There I am having ice tea and dodging the heat wave at one of my branch offices, I mean, local coffee shops. I’m working hard… ruminating on how to live a more sustainable and, therefore, more affordable lifestyle at home.
In walks my old friend Tim Smith, who lives nearby. As Executive Director of Community Greenhouse Partners in Cleveland, he’s leading an effort to build an urban greenhouse that will create good jobs with benefits for people in the community, educate and train students in how to grow food, and provide a year-round source of fresh food for city residents.
If anyone’s “green,” Tim is. Can he give me some tips? You bet.
So if you want to increase your personal sustainability quotient as I do, here are four fairly simple steps I gleaned from our conversation that you can take to spare the earth and your checking account:
- Put in a composting bin. There’s a pretty broad selection of these composters available, ranging from roughly $70 to $400. Use the compost to feed your indoor plants or garden, and you can stop buying those $30 bags of 20 20 20 garden fertilizer. Combine it with recycling bins, and you can make a serious assault on zero waste.
- Change all of your light bulbs to CFLs or LEDs. Hot wired incandescent lights expend 90% of their energy creating heat. Doesn’t make Thomas Edison any less of a genius, but it does make compact fluorescent light (CFL) more attractive, since they are “wireless” and rely on a cooler chemical reaction to make light more efficiently. According to the US DOE, over a period of 4.1 years, at 5 cents per kWh, the price of electricity accounts for 37 percent of the life-cycle cost of a CFL, but for 78 percent of the life-cycle cost of an incandescent light. You save on housework, too, since incandescent bulbs need to be changed roughly 13 times more frequently.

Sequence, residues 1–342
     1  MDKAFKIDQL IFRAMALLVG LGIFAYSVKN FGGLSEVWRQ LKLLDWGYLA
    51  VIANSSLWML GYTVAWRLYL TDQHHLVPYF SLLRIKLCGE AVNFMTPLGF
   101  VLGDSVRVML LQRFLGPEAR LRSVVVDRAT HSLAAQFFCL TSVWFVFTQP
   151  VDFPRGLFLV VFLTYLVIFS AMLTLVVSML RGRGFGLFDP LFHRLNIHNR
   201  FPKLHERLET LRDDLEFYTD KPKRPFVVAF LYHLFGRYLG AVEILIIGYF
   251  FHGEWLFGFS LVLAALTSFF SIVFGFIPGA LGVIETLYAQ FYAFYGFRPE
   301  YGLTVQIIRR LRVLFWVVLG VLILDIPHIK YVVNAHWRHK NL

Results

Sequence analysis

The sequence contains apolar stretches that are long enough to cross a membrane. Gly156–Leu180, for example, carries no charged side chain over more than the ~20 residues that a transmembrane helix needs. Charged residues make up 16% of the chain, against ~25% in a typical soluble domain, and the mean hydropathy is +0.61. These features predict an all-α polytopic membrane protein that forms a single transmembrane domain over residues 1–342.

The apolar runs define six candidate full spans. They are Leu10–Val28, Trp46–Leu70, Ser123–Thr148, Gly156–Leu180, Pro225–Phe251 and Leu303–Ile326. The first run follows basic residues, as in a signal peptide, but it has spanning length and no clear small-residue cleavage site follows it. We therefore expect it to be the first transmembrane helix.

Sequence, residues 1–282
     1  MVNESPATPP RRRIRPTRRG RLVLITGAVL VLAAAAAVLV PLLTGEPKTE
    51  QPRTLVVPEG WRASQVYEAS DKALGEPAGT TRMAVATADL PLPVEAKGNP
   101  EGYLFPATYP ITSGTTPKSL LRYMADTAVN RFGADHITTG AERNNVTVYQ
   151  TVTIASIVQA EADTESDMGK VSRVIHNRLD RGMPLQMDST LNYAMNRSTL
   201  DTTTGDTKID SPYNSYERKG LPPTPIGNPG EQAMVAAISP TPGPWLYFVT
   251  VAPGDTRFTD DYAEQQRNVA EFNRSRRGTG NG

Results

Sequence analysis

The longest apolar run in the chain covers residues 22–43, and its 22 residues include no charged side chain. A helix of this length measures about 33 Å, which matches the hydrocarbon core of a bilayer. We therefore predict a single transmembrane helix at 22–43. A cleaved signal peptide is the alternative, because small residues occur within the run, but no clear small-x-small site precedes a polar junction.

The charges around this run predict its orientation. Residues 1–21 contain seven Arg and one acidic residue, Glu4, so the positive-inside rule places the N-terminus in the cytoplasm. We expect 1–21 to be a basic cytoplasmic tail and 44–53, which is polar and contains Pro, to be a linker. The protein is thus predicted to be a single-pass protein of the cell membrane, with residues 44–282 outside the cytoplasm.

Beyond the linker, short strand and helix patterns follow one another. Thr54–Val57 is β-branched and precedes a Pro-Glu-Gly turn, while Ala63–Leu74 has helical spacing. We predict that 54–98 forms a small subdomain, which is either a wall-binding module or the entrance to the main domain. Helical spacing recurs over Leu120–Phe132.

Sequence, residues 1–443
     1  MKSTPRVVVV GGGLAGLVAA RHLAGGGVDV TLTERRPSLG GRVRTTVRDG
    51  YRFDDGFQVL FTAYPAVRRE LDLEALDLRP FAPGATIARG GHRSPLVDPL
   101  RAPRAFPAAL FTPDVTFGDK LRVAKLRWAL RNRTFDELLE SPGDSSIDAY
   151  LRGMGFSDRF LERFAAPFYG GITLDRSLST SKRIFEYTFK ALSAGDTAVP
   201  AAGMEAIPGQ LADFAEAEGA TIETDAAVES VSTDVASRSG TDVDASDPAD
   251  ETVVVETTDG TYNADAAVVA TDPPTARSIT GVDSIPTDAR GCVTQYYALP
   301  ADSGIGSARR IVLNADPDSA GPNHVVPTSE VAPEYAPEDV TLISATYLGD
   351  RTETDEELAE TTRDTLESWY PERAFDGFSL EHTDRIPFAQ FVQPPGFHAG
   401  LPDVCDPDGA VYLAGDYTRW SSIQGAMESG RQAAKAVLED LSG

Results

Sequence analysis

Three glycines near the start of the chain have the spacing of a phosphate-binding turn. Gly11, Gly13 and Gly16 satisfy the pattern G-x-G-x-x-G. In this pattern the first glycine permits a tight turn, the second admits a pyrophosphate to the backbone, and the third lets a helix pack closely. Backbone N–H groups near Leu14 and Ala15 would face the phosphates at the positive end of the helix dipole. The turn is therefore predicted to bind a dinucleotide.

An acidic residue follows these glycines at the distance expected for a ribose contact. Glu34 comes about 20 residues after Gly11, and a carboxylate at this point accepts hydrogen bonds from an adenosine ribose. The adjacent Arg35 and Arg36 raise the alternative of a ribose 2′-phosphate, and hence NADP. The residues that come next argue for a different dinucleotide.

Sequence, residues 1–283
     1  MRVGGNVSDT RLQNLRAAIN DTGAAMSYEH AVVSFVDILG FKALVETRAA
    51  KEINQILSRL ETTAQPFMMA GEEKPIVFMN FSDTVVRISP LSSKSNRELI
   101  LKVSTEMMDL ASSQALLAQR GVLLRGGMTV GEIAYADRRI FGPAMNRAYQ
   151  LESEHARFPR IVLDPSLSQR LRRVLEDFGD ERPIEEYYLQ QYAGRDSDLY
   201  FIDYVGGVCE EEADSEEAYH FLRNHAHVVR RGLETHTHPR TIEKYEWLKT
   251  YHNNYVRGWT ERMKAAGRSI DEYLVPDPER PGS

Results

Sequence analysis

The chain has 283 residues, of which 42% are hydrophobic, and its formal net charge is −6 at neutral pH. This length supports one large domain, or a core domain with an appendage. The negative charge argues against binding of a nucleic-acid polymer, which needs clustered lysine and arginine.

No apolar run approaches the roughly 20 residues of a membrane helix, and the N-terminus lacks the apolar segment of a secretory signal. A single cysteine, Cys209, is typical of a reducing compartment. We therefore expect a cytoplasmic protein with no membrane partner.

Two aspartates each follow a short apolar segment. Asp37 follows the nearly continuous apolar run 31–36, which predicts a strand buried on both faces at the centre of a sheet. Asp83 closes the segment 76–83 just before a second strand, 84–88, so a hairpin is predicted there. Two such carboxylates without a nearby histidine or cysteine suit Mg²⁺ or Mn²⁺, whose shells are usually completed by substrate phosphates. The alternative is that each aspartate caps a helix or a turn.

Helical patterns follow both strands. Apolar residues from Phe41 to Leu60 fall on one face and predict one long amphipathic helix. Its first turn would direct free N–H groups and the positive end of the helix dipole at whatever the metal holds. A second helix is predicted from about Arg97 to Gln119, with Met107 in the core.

- Plug every appliance into a power strip, and turn that power off when you’re not using it. Not to capitalize on the recent Twilight trend, but you may have vampires in your home. Electricity vampires. Even if it’s turned off, a plugged-in appliance or device still draws power, aka, phantom power. Instead of trying to unplug them every time they’re off, invest in a good surge protector that you can easily switch off. Remember, appliances alone account for 17% of annual household energy expenses.
- Use drying racks to dry your clothes instead of the electric dryer. If a typical home uses 360-1,400 kilowatt-hours per year just to operate the clothes dryer, there’s a laundry list of reasons to reduce that use. One way is to use clothes drying racks or hang your clothes up outside, weather permitting.
Now, in addition to implementing these steps, I’ll further ruminate on turning Tim into a microchip that could be implanted into everyone’s brain: Instant green conscience. I could earn some money and make the world a better place. And that, my friends, would be sustainable.